THE BUSINESS VALUE OF STRATEGIC INTERNAL COMMUNICATION
THE REALITY ON THE GROUND
What does strategic internal communication look like inside organizations? This is one of the aspects examined in the global report The Next Level: The Business Value of Good Internal Communication. We interviewed 33 in-house communication professionals from 25 countries and representing 20 industries, and asked them 5 questions. The original version of the following interview was published in The Next Level.
Interview with Tom Murphy | Microsoft
Tom Murphy is the Director of Communications at Microsoft Digital, Services, and Success (DSS), and he is based in the USA. His team is responsible for global communications for Microsoft Digital, Services, and Success, including executive communications, internal communications, employee engagement, PR, analyst relations, events, and internal intranet sites. Microsoft Digital, Services, and Success (DSS) employs 23,000 people and operates in 140 countries.
What are the main challenges and opportunities facing your team at your company?
Microsoft Digital, Services, and Success is an organization of 23,000 people in 140 countries. Employees work across a range of disciplines from professional services and consulting to service and support and customer success. We create digital solutions to help our customers achieve more. For the past three years, our group has been on its own transformation journey changing our organization to better serve the needs of our customers in a rapidly changing world.
Internal communications plays a critical role in landing those new business priorities. While managing organizational change is a fundamental element of our work, today we live in a world where change is not an isolated event but a constant. This creates challenges for internal communications and also creates some compelling opportunities.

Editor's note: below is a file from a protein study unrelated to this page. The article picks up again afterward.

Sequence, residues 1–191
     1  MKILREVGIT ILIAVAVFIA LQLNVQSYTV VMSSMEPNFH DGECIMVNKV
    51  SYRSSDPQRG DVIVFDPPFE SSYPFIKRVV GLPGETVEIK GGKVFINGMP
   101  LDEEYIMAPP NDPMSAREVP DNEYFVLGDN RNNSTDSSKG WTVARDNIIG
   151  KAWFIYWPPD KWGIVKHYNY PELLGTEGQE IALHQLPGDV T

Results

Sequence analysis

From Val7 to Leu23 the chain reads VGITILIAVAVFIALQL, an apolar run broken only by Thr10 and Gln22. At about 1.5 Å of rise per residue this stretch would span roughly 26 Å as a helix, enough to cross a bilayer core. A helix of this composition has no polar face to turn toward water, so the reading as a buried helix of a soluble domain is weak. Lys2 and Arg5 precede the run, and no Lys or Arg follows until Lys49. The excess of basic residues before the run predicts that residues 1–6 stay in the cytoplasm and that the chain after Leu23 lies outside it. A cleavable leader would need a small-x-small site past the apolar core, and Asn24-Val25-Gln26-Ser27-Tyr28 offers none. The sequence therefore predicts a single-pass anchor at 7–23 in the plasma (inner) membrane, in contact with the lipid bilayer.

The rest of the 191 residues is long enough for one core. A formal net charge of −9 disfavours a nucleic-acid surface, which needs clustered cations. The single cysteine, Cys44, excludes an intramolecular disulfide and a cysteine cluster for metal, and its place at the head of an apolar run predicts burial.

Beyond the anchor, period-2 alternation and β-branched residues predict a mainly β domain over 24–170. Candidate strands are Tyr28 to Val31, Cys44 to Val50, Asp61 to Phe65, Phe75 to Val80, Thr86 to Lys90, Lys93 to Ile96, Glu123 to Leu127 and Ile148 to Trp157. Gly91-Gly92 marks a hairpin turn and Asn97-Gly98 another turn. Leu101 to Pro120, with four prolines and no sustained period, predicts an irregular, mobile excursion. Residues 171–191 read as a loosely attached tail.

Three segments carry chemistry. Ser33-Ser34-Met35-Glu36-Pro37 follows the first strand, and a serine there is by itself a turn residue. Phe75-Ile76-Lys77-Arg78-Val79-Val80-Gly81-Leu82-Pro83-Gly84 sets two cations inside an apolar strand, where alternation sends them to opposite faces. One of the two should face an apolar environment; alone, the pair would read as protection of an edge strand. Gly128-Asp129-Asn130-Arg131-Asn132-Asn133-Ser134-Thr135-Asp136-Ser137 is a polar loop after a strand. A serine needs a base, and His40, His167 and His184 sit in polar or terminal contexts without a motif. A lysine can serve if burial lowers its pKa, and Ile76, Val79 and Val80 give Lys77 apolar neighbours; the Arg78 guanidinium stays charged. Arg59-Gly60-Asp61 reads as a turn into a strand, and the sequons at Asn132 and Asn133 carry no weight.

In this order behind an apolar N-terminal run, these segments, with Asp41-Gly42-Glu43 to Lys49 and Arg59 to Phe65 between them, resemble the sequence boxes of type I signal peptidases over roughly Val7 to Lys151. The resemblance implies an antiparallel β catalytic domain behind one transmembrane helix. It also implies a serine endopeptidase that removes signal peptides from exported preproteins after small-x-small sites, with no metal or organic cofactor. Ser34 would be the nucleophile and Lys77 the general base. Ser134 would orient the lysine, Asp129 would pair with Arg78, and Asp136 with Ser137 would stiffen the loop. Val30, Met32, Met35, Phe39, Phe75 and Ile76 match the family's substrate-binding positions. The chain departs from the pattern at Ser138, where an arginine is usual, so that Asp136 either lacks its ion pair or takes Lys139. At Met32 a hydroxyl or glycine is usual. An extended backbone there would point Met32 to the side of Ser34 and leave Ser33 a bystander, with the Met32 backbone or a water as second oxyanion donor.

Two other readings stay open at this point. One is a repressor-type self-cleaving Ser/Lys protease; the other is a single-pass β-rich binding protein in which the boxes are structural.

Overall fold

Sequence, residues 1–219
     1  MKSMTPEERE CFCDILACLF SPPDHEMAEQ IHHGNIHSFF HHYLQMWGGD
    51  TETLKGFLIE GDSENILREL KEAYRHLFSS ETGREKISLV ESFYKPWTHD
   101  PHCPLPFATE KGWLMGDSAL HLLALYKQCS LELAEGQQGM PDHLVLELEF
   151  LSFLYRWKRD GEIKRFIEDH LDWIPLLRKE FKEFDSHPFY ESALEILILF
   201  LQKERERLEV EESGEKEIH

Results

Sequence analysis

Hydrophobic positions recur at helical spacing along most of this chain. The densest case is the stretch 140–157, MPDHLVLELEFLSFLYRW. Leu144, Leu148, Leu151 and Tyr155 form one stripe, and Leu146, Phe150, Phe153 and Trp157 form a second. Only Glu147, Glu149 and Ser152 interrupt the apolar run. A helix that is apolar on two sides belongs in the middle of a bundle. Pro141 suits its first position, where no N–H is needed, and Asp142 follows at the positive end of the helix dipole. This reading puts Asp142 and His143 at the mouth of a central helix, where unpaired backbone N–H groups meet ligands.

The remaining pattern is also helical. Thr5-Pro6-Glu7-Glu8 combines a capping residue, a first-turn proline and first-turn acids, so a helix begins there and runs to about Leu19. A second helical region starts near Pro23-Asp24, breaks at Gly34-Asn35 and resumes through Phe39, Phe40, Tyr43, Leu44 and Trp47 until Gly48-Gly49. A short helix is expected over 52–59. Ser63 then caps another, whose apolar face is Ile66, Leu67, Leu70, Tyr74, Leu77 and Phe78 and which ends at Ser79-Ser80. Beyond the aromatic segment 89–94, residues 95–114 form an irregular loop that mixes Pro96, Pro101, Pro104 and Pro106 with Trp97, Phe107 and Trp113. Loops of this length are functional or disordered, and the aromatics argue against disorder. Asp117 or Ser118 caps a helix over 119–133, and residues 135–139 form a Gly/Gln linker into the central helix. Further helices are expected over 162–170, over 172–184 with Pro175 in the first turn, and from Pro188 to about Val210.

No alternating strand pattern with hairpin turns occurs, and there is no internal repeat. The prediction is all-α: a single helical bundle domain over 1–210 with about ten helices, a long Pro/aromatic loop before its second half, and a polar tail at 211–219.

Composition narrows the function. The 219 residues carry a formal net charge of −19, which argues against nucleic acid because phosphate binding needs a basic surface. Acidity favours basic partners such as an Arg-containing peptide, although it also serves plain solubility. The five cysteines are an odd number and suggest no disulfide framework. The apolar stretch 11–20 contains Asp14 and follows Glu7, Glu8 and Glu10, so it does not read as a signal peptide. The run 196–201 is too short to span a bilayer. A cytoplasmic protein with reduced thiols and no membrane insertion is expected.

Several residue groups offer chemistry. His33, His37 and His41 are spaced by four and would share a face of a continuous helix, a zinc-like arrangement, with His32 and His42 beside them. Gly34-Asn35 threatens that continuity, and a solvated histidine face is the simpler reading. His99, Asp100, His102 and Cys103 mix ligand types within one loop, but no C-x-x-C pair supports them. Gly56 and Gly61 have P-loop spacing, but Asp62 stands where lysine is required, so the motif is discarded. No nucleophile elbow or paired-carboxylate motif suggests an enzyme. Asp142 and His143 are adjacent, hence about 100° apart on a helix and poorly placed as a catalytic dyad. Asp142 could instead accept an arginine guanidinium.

Communications teams must provide clarity on vision, strategy, and direction. To do so we must meet our audiences and stakeholders where they are, reflecting the changes in how people work, and how they search, find, and share information differently.
We shouldn't forget that the basic tenets of effective communications remain unchanged, however, we have an opportunity to better measure progress, gather actionable insights, and engage people in new ways, delivering the information and resources they need, when and where they need it.
We have an incredible opportunity to learn and experiment. There’s no longer one way to approach communications, rather you must measure the effectiveness of your programs and combine that with insights into your organization. How well do people understand your organization’s priorities? Are people able to find and use the resources they need to get their job done successfully? How engaged are they?
One of the major areas of change for internal communications is how we leverage technology to drive better business outcomes. This ranges from utilizing social channels to gathering insights from machine learning and artificial intelligence, and how that impacts our traditional execution. For example, can we use bots to not only supplement traditional intranets but help people find the information they need more quickly? How can we apply machine learning to gather valuable insights from the increasing volume of information we’re getting from our people?
It’s exciting, but it requires agility and flexibility. Experiment, measure, adapt. I can think of no better rallying call for internal communications.
How does your organization ensures internal and external communications are aligned together?
Since the advent of the internet, the reality is that information is fluid and there’s little or no friction between information moving inside or outside the organization. I’m sure most, if not all internal communicators start with that in mind, although in reality the vast majority of content never makes it beyond the firewall.
Today, the alignment between internal and external communications is critical. At Microsoft, all our external communications are managed centrally by our Corporate Communications team. Part of their remit is also driving top-level internal communications initiatives across the company. Most major divisions across Microsoft have their own internal communications function. In our case, we have someone on our team who works in lockstep with the corporate communications team and ensures that they’re aware of any important or critical issues and the correct steps are taken ahead of any communication. We also partner closely to address ad hoc issues as they arise.